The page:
Reference
    1. Humphries A, Boyd M; SECOND-LINE Study Team. SECOND-LINE: ritonavir-boosted lopinavir with 2-3N(t)RTI or raltegravir in HIV+ subjects virologically failing 1st-line NNRTI/2N(t)RTI. Program and abstracts of the 20th Conference on Retroviruses and Opportunistic Infections; March 3-6, 2013; Atlanta, Georgia. Abstract 180LB.
     
  • BMD, bone mineral density; BMI, body mass index; LPV, lopinavir. TDF, tenofovir.
    For detailed information on this study, go to:
    http://clinicaloptions.com/HIV/Conference%20Coverage/IAS%202013/New%20Data/Capsules/WELBB05.aspx
    Andrew Carr, MBBS, MD, FRACP:
    As the graph shows, there was a greater loss of bone mineral density (BMD) at the hip and at the lumbar spine in patients who received NRTIs with lopinavir/ritonavir, compared with those receiving raltegravir with lopinavir/ritonavir. In my estimation, the magnitude of loss is similar to that observed in treatment-naive patients starting first-line ART. There was no significant difference in the frequency of new osteopenia or osteoporosis, but the study was not powered to make a final determination. Lower body mass index, not being exposed to tenofovir prior to study enrollment, and initiating tenofovir while on-study were significant predictors of greater BMD loss at the lumbar spine.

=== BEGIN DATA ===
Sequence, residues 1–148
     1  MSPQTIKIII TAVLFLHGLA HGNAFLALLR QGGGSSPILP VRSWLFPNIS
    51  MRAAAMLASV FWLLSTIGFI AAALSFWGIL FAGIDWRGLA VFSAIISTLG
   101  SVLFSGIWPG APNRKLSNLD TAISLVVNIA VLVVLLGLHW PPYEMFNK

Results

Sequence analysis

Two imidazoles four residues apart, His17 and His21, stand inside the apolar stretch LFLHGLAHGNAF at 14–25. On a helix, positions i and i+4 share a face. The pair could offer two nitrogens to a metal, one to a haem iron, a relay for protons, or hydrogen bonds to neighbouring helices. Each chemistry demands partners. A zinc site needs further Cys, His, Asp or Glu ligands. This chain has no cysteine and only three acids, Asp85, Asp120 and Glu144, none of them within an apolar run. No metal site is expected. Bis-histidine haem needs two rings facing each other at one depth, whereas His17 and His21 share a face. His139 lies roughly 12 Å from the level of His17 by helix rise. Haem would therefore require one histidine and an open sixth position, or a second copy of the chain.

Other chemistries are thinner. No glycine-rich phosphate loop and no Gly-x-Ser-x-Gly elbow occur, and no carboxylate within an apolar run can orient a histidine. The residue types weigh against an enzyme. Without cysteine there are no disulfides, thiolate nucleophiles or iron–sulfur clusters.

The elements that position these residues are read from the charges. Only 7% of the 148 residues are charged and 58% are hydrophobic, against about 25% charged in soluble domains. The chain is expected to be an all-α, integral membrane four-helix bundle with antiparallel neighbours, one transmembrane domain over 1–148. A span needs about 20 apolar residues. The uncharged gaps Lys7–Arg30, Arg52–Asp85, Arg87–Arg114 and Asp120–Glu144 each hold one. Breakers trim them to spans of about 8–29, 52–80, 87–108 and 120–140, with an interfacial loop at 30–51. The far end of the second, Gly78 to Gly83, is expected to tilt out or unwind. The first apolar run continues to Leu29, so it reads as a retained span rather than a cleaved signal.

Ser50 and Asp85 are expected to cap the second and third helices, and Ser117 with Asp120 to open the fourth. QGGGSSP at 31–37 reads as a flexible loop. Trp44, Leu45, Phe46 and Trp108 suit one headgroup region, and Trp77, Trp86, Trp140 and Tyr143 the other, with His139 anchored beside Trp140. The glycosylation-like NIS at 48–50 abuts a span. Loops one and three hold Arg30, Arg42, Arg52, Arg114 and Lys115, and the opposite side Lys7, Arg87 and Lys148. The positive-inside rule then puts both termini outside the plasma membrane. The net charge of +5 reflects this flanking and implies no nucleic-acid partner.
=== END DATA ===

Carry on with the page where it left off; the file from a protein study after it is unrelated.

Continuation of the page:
Joel E. Gallant, MD, MPH:
    These findings are somewhat surprising in that you might not expect that patients who continued using NRTIs and simply switched their third drug from an NNRTI to a boosted PI would have further loss in bone density. In treatment-naive patients, BMD typically declines when any first-line ART is initiated but then stabilizes and plateaus after a few months. However, in this study, most patients who switched to lopinavir/ritonavir plus NRTIs were switching from either a zidovudine‑ or stavudine‑based regimen to a regimen containing tenofovir, which is known to cause a greater decline in BMD than other NRTIs. This may explain the greater loss of bone density in patients switching to lopinavir/ritonavir plus NRTIs.
     
  • BMI, body mass index.
    For detailed information on this study, go to:
    http://clinicaloptions.com/HIV/Conference%20Coverage/IAS%202013/New%20Data/Capsules/WEAB0205.aspx
    Anton Pozniak, MD, FRCP:
    This population-based cohort study compared the incidence of major osteoporotic and hip fractures in the HIV‑infected population with a general population cohort of &gt; 1.1 million persons in Catalonia, Spain. The HIV-infected population represented approximately 0.2% of the general population but accounted for a substantial number of the hip fractures reported during the study period from 2007-2009. This difference was independent of baseline factors such as age, sex, body mass index, smoking, and ethanol use. Unfortunately, the authors did not indicate if the fractures were traumatic or spontaneous. As the graph indicates, the incidence of age-specific hip fractures increased with increasing age and is particularly concerning among HIV-infected patients older than 65 years of age.